Tropical Storm "Jangmi", locally known as Seniang, made landfall near the town of San Agustin, Surigao del Sur province of northeastern Mindanao, Philippines early on December 29 (local time) and left a trail of destruction as it moved across the central part of the country.
Heavy rain has accompanied this system as it moved onshore, with 162 mm (6.3”) of rainfall reported in the town of Surigao, and Hinatuan picking up a colossal 362 mm (14.2”), meteorologist Robert Speta of the WestPacWx said.
According to latest reports, heavy flooding and landslides that followed caused deaths of at least 11 people.
— Rappler (@rapplerdotcom) December 30, 2014
— The Philippine Star (@PhilippineStar) December 30, 2014
Bohol is among the provinces hardest hit by floods, and is now under a state of calamity. Rivers burst their banks, covering roads and highways in knee-deep floods that washed out bridges and stalled vehicles, regional civil defense officer Allen Cabaron said, adding that floods in some areas were "neck-deep.”
Video courtesy of WestPacWx
NASA's Aqua satellite passed over Jangmi on December 29 at 05:05 UTC and saw bands of thunderstorms wrapped into the center from the northeastern and southeastern quadrants stretching back over the Philippine Sea (east of the country).
NASA's Aqua satellite captured this image of Tropical Storm Jangmi over the central and southern Philippines on December 29 at 5:05 UTC. Image credit: NASA/NRL
The Joint Typhoon Warning Center (JTWC) looked at animated enhanced infrared satellite imagery and a radar animation from Cebu Station, Philippines that showed Jangmi intensified as it tracked across the Surigao Strait. The low level circulation had become more tightly wrapped and better defined despite a weakening in the bands of thunderstorms as the system made landfall across Bohol Island.
At 06:00 UTC today, Tropical Storm "Jangmi" had maximum sustained winds of 35 knots (40.2 mph/64.8 km/h) and wind gusts of 45 knots (51 mph/83.3 km/h). Maximum significant wave height at the time was 10 feet (3 meters).
At 09:00 UTC today, the center of the storm was located approximately 140 nautical miles (161 miles/259 km) ENE of Puerto Princesa, Philippines, and has tracked WSW at 12 knots (13.8 mph/22.2 km/h) over the past six hours.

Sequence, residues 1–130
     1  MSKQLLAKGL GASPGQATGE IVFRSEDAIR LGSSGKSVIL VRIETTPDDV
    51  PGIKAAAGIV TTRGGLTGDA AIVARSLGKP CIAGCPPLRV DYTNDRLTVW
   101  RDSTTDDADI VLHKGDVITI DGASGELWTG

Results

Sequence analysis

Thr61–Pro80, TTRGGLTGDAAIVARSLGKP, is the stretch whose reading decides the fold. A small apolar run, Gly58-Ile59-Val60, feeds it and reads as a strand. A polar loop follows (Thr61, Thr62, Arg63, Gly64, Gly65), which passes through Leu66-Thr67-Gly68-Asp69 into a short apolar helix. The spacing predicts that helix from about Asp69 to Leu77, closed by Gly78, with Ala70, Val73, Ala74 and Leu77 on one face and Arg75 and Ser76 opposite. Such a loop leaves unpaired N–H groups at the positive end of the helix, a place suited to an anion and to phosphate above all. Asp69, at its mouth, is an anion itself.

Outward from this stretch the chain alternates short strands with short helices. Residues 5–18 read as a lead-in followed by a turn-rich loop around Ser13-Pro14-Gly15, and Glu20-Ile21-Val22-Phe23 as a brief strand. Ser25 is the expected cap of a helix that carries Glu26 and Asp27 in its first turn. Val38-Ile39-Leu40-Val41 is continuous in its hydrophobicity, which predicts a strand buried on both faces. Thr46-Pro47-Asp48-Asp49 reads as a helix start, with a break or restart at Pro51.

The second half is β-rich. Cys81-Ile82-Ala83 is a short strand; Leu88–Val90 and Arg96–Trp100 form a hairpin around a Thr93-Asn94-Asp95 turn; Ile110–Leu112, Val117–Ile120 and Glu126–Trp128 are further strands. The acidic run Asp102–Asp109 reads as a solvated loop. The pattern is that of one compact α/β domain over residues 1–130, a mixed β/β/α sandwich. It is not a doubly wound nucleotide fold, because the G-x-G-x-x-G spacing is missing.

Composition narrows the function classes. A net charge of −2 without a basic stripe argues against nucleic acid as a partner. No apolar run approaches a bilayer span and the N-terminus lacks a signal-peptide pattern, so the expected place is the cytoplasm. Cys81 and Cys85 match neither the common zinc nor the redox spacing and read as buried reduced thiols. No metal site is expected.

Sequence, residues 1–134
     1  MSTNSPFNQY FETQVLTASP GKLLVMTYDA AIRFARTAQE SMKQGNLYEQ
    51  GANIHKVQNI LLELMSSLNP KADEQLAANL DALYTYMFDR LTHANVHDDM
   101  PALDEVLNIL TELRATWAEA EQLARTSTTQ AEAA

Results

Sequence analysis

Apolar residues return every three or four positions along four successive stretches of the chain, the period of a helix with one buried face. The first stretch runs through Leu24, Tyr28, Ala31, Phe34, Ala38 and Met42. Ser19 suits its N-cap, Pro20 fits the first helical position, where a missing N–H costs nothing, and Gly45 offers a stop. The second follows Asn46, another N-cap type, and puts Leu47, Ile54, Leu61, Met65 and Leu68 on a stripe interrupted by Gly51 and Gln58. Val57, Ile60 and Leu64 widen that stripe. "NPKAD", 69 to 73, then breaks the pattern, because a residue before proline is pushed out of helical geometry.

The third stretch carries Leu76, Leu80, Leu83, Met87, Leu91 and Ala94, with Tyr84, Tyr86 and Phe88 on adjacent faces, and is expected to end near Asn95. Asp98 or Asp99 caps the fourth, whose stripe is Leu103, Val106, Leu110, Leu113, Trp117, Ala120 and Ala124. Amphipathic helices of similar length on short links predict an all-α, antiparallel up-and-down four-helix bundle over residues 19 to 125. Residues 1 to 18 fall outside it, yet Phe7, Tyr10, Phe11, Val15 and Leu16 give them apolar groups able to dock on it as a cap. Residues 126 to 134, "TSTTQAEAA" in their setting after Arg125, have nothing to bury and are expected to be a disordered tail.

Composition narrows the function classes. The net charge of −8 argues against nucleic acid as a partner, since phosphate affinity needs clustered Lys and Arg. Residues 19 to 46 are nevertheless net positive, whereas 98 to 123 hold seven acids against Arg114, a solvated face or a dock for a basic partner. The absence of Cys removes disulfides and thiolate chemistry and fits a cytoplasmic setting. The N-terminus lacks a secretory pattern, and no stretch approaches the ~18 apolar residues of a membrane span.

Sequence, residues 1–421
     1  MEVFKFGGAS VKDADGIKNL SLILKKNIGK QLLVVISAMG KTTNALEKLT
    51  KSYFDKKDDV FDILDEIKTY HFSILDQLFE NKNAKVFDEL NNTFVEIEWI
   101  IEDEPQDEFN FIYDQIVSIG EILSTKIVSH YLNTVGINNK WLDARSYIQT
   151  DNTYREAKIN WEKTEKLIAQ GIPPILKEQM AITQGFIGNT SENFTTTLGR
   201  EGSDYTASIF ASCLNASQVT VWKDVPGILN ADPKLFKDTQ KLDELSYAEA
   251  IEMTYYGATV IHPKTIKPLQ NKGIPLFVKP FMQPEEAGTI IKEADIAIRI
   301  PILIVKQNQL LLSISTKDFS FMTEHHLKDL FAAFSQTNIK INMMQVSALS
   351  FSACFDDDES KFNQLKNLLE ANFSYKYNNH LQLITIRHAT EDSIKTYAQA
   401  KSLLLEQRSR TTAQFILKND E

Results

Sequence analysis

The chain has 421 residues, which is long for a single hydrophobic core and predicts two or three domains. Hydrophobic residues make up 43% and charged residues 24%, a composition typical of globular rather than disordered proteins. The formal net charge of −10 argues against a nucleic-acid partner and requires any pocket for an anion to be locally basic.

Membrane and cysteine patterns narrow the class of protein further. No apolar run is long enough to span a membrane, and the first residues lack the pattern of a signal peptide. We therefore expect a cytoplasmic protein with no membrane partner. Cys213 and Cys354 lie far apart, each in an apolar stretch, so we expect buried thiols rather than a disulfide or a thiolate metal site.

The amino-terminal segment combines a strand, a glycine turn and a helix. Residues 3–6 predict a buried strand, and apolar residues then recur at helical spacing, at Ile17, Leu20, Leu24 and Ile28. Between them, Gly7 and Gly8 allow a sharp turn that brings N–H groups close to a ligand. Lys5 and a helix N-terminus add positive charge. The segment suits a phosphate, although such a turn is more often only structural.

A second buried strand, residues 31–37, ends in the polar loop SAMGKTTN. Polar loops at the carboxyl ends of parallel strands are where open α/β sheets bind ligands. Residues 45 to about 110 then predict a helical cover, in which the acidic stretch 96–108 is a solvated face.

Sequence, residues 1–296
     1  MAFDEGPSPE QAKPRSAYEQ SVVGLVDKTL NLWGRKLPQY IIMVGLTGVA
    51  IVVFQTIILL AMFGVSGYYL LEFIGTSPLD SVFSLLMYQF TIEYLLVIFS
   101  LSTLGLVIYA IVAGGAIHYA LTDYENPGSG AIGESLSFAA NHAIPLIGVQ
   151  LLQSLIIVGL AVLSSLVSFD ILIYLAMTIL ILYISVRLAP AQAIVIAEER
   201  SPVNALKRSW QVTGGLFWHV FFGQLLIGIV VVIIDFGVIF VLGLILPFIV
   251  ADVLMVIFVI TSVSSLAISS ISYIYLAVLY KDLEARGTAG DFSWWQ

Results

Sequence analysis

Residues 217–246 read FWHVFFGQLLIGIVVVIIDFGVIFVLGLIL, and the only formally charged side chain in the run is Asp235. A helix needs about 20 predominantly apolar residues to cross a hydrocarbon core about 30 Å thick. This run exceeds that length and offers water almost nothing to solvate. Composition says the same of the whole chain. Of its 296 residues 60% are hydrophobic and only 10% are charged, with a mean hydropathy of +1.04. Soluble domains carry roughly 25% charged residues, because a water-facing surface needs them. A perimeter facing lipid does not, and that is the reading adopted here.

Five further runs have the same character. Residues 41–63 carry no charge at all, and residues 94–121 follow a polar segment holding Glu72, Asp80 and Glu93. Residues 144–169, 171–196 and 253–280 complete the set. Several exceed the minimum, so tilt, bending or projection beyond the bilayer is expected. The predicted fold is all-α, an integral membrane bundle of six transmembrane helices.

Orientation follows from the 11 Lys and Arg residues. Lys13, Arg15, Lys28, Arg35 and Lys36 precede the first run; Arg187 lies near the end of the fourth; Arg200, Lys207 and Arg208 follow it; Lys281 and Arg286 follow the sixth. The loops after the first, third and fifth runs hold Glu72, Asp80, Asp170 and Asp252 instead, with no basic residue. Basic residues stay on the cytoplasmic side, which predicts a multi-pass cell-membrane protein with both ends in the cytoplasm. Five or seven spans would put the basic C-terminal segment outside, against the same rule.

In the longer range this storm could bring the threat of rains to Malaysia, the last place on earth that needs any heavy rains at this time, Speta warns.
Tropical Storm "Jangmi" JTWC forecast track on December 30, 2014.
Video courtesy of WestPacWx
PAGASA's latest Tropical Cyclone Warning for TS "Seniang" (Jangmi) issued 09:00 UTC today (17:00 local time today) said estimated rainfall amount is from 7.5 – 15 mm per hour (moderate – heavy) within the 300 km diameter of the Tropical Storm.
Residents in low lying and mountainous areas of the provinces with PSWS#2 and PSWS#1 are alerted against possible flashfloods and landslides.
Ocean waves may reach up to 5 meters.
Fisherfolks and those with small seacrafts are advised not to venture out over the seaboards of Luzon, Visayas and over the northern and eastern seaboards of Mindanao.
- Storm-Centered Infrared (MTSAT2; NOAA/SSD)
- Storm-Centered Infrared (Aviation Color Enhancement) (MTSAT2; NOAA/SSD)
- Storm-Centered Water Vapor (MTSAT2; NOAA/SSD)
- Storm-Centered Visible (MTSAT2; NOAA/SSD)
- Storm-Centered Visible (Colorized) (MTSAT2; NOAA/SSD)
- Storm-Centered Infrared (MTSAT2; CIMSS)
- Storm-Centered Enhanced Infrared (MTSAT2; CIMSS)
- Storm-Centered Water Vapor (MTSAT2; CIMSS)
- Storm-Centered Visible (MTSAT2; CIMSS)
- South China Sea/West Pacific Infrared (MTSAT2; NOAA)
- South China Sea/West Pacific Enhanced Infrared (MTSAT2; NOAA)
- South China Sea/West Pacific Water Vapor (MTSAT2; NOAA)
Featured image: PAGASA/MTSAT (IR1) acquired on December 30, 2014 at 09:01 UTC.
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